Last month, a team from DUSP competed with planners in New York and Chicago in a six-team SimCity Challenge to test out the newest version of the classic city-building game. This blurb from FastCompany's coverage of the event really demonstrates the spirit that the DUSP team -- planners for the imagined city of "MITroit" -- brought to the project:
Social media are increasingly becoming part of our everyday lives, from connecting with friends and sharing images to exploring cities through location-based applications. These new services have given us a different vantage point from which to understand, explore, navigate, and geographically record the places we live.
What happens when black working-class families are faced with an influx of white gay homebuyers in their neighborhood? Filmed over four years, FLAG WARS is a clear-eyed look inside the conflicts that surface in one inner-city Columbus, Ohio, community. The film's as-it-is-happening verite style captures the raw emotions of unguarded moments between neighbors: the lesbian realtor who sells the area's Victorian homes; a new homebuyer who moves to the area to live openly as a gay man; two longtime residents who are in court because of new housing codes; and the judge who hears their cases.
Kunlé Adeyemi is an architect, designer and urbanist. He is the founder and principal of NLÉ, an architecture, design, and urbanism practice focused on city development research and strategy advisory service, conceptualization and creative structuring, architecture and product design, infrastructure design, arts and cultural urban interventions. Born and raised in Nigeria, Adeyemi studied architecture at the University of Lagos where he began his early practice, before joining the world renowned Office for Metropolitan Architecture (OMA) in 2001.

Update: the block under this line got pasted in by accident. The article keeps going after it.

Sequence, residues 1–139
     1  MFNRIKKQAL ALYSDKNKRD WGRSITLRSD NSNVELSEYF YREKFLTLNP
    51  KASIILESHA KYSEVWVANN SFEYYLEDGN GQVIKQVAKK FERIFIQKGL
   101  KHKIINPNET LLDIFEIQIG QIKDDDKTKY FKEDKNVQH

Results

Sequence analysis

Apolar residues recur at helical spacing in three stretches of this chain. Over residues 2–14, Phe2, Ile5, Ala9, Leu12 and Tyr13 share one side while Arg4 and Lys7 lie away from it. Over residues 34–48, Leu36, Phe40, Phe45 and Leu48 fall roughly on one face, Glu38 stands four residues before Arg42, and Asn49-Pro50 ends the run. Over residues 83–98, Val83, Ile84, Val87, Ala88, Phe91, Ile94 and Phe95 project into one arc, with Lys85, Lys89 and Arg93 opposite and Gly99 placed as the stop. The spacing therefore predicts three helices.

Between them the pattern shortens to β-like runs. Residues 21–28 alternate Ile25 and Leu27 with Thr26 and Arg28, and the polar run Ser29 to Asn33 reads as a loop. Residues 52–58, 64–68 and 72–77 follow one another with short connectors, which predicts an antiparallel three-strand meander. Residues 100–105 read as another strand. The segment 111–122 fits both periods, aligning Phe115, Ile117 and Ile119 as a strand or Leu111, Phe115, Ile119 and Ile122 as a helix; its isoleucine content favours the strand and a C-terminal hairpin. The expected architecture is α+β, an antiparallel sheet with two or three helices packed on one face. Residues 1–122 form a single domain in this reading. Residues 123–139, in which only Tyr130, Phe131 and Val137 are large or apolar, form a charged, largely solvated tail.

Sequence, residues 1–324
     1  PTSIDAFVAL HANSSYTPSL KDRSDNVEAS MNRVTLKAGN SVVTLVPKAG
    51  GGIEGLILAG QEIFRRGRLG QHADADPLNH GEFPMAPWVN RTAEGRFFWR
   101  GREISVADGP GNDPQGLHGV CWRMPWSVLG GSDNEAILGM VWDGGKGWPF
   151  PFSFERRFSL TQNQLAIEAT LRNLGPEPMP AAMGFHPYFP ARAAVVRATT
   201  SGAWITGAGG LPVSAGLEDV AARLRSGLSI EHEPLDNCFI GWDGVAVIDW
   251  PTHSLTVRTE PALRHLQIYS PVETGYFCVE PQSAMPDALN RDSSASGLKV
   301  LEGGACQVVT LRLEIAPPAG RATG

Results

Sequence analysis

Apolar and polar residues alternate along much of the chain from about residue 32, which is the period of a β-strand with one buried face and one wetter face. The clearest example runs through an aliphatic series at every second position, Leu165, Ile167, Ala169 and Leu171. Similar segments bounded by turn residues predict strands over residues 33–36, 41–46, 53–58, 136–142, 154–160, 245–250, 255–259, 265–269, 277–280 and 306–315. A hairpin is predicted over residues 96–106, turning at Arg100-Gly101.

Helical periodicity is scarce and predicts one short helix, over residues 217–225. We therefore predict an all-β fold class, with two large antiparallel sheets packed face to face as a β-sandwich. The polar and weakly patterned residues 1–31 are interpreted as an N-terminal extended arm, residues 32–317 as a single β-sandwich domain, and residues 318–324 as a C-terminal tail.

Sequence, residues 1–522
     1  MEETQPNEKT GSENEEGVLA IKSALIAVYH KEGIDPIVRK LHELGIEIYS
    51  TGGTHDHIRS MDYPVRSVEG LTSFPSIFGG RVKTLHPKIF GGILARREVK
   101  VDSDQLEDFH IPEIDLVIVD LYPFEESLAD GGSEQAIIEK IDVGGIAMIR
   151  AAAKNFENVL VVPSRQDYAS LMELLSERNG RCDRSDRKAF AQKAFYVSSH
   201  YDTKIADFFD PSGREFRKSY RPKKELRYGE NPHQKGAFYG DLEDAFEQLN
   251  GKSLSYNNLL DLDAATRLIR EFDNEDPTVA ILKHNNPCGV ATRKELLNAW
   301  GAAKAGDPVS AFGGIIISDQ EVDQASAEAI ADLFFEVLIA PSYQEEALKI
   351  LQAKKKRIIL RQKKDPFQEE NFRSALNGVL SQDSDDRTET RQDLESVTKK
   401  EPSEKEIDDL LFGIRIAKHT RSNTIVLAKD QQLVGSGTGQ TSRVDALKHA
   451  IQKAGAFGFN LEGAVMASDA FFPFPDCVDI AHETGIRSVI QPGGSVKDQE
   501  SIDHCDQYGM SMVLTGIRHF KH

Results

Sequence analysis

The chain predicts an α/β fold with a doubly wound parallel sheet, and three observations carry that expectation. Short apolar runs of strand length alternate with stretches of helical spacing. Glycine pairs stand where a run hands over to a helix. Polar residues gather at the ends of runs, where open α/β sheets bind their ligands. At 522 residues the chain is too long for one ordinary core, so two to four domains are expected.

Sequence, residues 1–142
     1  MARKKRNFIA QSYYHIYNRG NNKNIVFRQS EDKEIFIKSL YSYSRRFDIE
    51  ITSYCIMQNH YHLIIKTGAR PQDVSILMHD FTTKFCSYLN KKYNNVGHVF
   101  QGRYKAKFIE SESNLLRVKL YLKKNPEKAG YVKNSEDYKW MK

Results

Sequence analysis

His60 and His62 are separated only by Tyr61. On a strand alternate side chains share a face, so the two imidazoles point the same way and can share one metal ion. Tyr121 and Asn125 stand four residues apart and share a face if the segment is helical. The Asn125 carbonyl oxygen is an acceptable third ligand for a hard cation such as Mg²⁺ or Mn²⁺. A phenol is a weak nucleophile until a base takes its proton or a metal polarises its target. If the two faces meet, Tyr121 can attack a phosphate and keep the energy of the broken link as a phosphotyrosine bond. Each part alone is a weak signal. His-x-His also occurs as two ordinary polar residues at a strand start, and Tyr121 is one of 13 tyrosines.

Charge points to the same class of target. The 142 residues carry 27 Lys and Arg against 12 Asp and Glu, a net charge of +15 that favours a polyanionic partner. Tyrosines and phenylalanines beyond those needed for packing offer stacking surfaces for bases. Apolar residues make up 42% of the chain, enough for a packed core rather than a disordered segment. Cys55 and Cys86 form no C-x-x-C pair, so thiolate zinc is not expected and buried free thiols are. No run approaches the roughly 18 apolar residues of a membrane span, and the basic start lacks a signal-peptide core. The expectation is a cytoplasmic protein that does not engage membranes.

Based on four comprehensive transportation surveys in Shanghai, this study examines the latest trends in Shanghai’s travel demand, investigates their social, economic and spatial drivers, and compares the pace of travel demand growth in three periods: I) 1980s to early 90s; II) early 90s to mid 2000s; and III) mid 2000s to now. The demand growth is relatively slow in Period I, and then speeds up in Period II, before returning to a slower pace in Period III.
To address the urgent need to research, design, and implement solutions to urban challenges, the American Institute of Architects (AIA) and Massachusetts Institute of Technology’s (MIT) Center for Advanced Urbanism today announce a new research collaboration that will focus on how design can improve urban health. This research will support AIA’s efforts through the Clinton Global Initiative (CGI), Decade of Design. The announcement came at the start of the CGI Winter Meeting.
Regulating Automobile Growth in Chinese Cities
In 2009, London Overground management implemented a new tactical plan for AM and PM Peak service on the North London Line (NLL). This paper documents that tactical planning intervention and evaluates its outcomes in terms of certain aspects of service delivery (the operator’s perspective on system performance) and service quality (the passenger’s perspective). Analyses of service delivery and quality, and passenger demand contribute to the development, proposal, and implementation of the new tactical plan.
Increased automobile ownership and use in China over the last two decades has increased energy consumption, worsened air pollution, and exacerbated congestion. However, the countrywide growth in car ownership conceals great variation among cities. For example, Shanghai and Beijing each had about 2 million motor vehicles in 2004, but by 2010, Beijing had 4.8 million motor vehicles whereas Shanghai had only 3.1 million. Among the factors contributing to this divergence is Shanghai’s vehicle control policy, which uses monthly license auctions to limit the number of new cars.